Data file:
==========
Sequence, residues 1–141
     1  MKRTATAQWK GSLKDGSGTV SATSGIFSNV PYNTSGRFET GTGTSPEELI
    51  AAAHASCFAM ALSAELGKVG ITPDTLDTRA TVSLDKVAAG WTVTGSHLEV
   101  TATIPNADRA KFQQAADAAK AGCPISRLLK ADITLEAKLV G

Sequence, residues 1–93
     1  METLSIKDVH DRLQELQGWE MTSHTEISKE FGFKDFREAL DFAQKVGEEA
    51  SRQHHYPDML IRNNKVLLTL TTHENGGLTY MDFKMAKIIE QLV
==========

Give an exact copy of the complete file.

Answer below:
Sequence, residues 1–141
     1  MKRTATAQWK GSLKDGSGTV SATSGIFSNV PYNTSGRFET GTGTSPEELI
    51  AAAHASCFAM ALSAELGKVG ITPDTLDTRA TVSLDKVAAG WTVTGSHLEV
   101  TATIPNADRA KFQQAADAAK AGCPISRLLK ADITLEAKLV G

Sequence, residues 1–93
     1  METLSIKDVH DRLQELQGWE MTSHTEISKE FGFKDFREAL DFAQKVGEEA
    51  SRQHHYPDML IRNNKVLLTL TTHENGGLTY MDFKMAKIIE QLV